Texting While Driving Ban Moves Along in Florida Senate

Senate Transportation Committee passes it, hurdles remain.

Published: Wednesday, December 7, 2011 at 10:32 p.m.
Last Modified: Wednesday, December 7, 2011 at 10:32 p.m.

LAKELAND | A bill prohibiting Floridians from texting while driving passed the Senate transportation committee Wednesday, though many hurdles remain before the legislation ever becomes a reality.

Sentate Bill 416, sponsored by Sen. Nancy Detert, R-Venice, easily passed with a vote of 10-0. Sen. Rhonda Storms of Brandon, whose district includes a portion of Lakeland, serves on the committee.

A similar bill filed last year by Sen. Frederica Wilson, D-Miami Gardens, died in committee along with several other proposed bills seeking restrictions on the use of wireless communications devices while driving.

The newest version now must clear the Senate committee on communications, energy and public utilities before proceeding to the budget committee.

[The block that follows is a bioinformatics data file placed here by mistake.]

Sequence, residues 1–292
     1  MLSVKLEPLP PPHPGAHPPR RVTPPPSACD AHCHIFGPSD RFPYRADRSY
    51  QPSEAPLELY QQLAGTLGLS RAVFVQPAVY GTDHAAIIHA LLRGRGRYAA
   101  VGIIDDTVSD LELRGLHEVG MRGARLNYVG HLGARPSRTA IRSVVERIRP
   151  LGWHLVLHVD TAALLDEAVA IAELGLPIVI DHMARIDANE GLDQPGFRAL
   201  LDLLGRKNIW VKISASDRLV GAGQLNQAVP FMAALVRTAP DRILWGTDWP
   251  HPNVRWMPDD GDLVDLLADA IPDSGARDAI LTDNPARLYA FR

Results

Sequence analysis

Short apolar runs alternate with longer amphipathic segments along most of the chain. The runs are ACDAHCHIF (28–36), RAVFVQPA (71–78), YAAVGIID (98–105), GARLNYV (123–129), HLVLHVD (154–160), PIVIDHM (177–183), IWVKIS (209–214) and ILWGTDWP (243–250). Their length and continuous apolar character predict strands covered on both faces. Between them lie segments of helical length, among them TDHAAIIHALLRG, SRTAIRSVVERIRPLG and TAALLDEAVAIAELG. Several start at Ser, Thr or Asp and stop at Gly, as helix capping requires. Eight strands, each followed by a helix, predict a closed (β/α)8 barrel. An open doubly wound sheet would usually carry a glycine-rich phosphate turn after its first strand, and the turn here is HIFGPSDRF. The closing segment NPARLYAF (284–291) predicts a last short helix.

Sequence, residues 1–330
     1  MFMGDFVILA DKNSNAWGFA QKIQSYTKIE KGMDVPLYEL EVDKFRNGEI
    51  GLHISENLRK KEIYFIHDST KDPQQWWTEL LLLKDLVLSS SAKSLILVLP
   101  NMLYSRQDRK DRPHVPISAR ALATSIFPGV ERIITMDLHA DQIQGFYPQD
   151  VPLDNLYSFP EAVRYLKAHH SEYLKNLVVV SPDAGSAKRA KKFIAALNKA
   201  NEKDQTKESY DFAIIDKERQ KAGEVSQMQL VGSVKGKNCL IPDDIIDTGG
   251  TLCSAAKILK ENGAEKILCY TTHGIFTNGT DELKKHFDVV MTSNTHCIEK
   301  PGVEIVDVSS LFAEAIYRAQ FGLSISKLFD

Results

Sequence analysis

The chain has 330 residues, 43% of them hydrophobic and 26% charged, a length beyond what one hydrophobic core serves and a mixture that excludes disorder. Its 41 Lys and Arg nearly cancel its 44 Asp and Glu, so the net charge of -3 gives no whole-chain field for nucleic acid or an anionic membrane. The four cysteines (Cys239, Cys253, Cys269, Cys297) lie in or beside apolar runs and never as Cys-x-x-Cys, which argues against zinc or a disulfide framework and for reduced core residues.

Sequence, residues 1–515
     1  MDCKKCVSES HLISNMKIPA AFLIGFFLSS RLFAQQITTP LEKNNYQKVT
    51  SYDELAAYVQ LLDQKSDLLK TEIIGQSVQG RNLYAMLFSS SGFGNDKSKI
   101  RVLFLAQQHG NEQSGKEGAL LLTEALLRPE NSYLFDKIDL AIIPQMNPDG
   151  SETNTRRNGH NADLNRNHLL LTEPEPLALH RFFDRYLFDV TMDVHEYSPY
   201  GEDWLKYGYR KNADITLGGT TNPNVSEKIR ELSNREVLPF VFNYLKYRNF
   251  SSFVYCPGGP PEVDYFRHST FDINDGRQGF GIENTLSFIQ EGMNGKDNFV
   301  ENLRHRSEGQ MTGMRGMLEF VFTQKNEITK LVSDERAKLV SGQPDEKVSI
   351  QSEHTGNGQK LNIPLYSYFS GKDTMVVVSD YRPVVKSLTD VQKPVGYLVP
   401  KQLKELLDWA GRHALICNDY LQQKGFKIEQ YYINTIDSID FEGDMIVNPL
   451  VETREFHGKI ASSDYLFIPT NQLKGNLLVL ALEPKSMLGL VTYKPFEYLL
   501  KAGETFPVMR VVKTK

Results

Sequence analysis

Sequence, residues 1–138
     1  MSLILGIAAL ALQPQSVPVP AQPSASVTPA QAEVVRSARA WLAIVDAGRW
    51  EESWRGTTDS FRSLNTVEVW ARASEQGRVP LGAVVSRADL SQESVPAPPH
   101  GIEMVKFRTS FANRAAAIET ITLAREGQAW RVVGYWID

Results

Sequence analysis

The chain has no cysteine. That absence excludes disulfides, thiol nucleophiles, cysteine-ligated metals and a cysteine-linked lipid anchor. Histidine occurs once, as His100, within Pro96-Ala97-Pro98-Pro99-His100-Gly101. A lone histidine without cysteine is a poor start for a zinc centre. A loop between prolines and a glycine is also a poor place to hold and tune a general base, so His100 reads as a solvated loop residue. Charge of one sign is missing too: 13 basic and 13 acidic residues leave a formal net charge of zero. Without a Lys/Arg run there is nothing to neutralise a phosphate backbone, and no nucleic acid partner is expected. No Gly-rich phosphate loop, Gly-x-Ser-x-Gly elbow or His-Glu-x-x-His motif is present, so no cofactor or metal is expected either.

A House companion bill, HB-299, has yet to move through the committee process.

Thirty-five states and the District of Columbia have passed similar laws, according to a Florida Senate summary of the "Florida Ban on Texting While Driving Law."

Only a handful of states, including New York and Connecticut, make it illegal to talk on hand-held cellular telephones while driving.

Florida's efforts to outlaw texting while driving is an offshoot of a national campaign that has ties to a traffic death in Polk County.

Heather Hurd of Davenport was killed Jan. 3, 2008, while riding with her fiance to Walt Disney World to plan their wedding.

Hurd's father, Russell, a resident of Maryland, has worked ever since to influence legislation in Florida and other states that have yet to ban cellphone use while driving.

In Maryland the texting ban is known as "Heather's Law."

The driver of a tractor-trailer responsible for Heather Hurd's death was distracted by his company's electronic messaging device.

SB-416 makes an exception for interpersonal communications that do not require manual typing.

A first violation would be punishable as a nonmoving violation, with a fine of $30 plus court costs.

A second violation within five years of the first is a moving violation punishable by a $60 fine and court costs.

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